Kennedy wants the resort’s new direction to build on the efforts of the Heinzes, who, Kennedy said, put “a lot of heart and soul” into the Allenberry while catering to modern tastes.
The finished resort will boast two restaurants, 75 guest rooms, corporate meeting areas, a new pool and a spa. Activities on the property will include kayaking, skeet shooting, archery, a ropes course and zip lining.
Allenberry’s owners also hope to bolster the long-established tradition of catch-and-release fly fishing on the Yellow Breeches. The resort is working with TCO Outdoors, which recently opened alongside the Children’s Lake in nearby Boiling Springs, to attract fishing fans, in addition to overseeing efforts to make about a one-mile stretch of the breeches deeper, colder and friendlier to the trout stocked there.
The property’s famous playhouse will remain a fixture with the debut of a full-service bar and concessions area. “Shrek,” the first performance under the new ownership, is scheduled for July. Boiling Springs-based Keystone Theatrics is overseeing programming at the theater and throughout the resort, which hopes to add acts like comedians and live music to its repertoire.
Plans are also underway to revive the proposed 128-home neighborhood adjacent to the resort.
Then there are the weddings. The first is planned for May 20, and one is scheduled for just about every weekend in fall 2017 and spring 2018, said events manager Karen Ocker.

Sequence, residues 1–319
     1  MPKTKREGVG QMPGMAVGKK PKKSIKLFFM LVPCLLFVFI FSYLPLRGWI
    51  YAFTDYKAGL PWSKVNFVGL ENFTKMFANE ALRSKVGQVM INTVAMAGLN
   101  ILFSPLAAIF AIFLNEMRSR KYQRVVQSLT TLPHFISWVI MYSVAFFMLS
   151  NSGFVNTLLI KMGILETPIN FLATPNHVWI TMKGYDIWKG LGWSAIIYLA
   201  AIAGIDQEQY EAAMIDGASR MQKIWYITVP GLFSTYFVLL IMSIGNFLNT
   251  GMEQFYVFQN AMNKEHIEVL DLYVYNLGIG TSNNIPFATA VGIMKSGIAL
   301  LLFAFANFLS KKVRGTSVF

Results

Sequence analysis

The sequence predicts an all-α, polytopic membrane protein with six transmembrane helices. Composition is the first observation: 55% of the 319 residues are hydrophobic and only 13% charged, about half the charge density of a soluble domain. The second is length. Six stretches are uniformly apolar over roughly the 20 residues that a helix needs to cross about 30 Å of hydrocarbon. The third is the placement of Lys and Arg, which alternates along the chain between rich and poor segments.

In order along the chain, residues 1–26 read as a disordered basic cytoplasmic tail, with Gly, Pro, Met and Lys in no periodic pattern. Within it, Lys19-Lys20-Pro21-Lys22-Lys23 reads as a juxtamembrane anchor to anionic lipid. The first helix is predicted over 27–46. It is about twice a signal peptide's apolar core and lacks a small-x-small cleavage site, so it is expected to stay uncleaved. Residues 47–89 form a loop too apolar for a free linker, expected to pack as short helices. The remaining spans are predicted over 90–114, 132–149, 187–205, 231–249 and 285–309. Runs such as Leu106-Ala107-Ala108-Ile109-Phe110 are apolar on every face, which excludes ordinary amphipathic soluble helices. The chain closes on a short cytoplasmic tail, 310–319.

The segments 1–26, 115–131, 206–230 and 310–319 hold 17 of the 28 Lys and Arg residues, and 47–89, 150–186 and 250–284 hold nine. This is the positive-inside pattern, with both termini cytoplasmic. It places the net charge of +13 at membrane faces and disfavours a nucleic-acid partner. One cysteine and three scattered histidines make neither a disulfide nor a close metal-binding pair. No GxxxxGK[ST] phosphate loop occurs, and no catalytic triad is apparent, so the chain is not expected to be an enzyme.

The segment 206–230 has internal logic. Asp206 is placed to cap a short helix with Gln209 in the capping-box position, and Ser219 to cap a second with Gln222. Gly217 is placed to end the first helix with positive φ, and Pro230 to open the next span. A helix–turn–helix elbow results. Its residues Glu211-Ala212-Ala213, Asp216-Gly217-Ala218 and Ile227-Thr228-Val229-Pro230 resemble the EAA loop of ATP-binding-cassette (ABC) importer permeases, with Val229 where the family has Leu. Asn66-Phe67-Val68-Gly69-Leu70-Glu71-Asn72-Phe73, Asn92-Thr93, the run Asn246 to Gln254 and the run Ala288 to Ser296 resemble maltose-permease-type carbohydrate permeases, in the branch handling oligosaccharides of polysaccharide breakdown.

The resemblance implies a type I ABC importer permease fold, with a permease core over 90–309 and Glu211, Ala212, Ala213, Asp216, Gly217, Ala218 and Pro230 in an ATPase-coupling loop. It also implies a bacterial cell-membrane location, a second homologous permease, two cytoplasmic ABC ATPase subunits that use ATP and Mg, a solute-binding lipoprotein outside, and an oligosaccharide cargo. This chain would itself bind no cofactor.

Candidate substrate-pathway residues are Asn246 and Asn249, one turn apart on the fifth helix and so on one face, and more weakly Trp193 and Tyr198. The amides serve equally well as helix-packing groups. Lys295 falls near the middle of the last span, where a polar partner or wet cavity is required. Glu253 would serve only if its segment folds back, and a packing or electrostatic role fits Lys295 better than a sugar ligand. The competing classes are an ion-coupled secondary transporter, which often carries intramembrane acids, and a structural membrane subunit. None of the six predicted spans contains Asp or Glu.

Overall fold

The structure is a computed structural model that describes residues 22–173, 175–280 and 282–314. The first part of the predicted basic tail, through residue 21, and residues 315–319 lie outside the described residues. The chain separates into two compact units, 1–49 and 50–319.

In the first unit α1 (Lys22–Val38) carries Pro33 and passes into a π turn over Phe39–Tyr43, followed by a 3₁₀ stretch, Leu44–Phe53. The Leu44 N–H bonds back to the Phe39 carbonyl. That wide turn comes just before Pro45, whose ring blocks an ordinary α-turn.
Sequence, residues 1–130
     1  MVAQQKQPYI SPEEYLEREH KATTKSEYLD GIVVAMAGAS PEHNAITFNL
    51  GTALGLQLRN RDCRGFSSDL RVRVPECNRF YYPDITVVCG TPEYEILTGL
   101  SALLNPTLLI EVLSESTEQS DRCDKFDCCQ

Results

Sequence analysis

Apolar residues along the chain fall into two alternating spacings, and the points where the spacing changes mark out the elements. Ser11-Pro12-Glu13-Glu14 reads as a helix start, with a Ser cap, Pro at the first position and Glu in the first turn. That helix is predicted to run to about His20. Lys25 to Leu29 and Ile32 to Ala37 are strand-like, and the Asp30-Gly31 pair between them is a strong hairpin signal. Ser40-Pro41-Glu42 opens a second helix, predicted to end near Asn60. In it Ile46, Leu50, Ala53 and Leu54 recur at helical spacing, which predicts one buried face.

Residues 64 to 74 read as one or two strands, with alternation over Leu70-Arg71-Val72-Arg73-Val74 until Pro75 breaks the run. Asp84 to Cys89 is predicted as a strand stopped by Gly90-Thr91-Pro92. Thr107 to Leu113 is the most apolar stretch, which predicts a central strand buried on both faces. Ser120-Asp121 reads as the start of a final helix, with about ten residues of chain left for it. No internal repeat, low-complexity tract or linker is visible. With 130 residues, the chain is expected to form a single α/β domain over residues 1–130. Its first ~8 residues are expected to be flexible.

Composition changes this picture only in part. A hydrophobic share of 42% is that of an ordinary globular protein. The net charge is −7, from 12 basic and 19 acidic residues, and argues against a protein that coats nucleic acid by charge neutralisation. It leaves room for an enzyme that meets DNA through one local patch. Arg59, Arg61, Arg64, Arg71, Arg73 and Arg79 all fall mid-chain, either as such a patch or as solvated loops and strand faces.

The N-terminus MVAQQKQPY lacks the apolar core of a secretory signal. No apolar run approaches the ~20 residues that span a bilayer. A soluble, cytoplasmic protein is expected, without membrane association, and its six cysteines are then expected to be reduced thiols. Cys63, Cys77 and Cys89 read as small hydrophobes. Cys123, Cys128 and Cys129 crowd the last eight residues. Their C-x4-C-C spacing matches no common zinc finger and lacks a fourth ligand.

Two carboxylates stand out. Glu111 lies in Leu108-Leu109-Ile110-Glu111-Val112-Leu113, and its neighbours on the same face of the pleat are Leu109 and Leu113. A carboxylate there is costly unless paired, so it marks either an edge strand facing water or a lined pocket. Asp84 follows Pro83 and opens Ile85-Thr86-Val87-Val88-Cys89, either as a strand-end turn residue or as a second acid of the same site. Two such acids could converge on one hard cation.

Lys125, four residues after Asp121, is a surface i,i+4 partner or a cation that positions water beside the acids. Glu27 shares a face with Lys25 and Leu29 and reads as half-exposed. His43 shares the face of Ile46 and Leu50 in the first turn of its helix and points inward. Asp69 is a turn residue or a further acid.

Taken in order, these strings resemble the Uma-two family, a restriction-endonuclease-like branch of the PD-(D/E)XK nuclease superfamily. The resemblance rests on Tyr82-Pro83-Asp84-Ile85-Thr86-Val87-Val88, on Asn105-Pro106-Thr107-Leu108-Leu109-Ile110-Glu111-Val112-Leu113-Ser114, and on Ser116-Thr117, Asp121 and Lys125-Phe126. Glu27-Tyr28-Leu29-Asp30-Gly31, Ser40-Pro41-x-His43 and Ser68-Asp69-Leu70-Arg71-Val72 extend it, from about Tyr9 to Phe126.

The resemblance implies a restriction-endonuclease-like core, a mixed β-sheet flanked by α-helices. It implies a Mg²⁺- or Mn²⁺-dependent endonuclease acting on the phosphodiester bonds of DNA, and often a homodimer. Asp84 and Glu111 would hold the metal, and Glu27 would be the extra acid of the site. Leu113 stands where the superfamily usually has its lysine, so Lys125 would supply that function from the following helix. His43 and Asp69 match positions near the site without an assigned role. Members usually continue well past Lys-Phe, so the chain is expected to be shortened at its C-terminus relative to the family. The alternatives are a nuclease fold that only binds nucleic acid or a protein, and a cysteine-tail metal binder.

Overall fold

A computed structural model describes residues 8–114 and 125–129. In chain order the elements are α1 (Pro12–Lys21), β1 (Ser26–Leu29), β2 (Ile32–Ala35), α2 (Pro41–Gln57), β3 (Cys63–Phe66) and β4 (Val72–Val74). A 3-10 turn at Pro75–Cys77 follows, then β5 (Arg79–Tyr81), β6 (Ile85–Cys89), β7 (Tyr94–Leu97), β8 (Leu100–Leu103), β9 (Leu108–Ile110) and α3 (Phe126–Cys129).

She and Kennedy both feel the revamped resort has the potential to draw visitors from as far as Washington, D.C., and Baltimore.
That’s good news for Cumberland County, said Jonathan Bowser, CEO of the Cumberland Area Economic Development Corp. CAEDC has long worked to attract tourists from major cities within a few-hours drive of Central Pennsylvania, including Philadelphia, Pittsburgh, Baltimore, New York and Washington.
Bowser noted Allenberry’s new owners expect out-of-town visitors to the renovated resort will spend about $10 million annually in the region.
“The town of Boiling Springs has always been a destination to promote to visitors with existing assets like hiking, fishing and quaint dining and shopping,” CAEDC said in a statement. “Allenberry historically has, and will continue to be, the overnight anchor for those visits.”
Kennedy plans to hit marketing hard when renovations wrap up in early summer, although some features, like the smaller of the two on-site restaurants, are already open.
Amid the yet-to-be-hung signs, drying macadam and sawdust-filled air at the Allenberry now, Kennedy sees the emergence of a jewel in the county he has called home his entire life.
“I just think it’s sort of a gem the rest of the country hasn’t figured out yet.”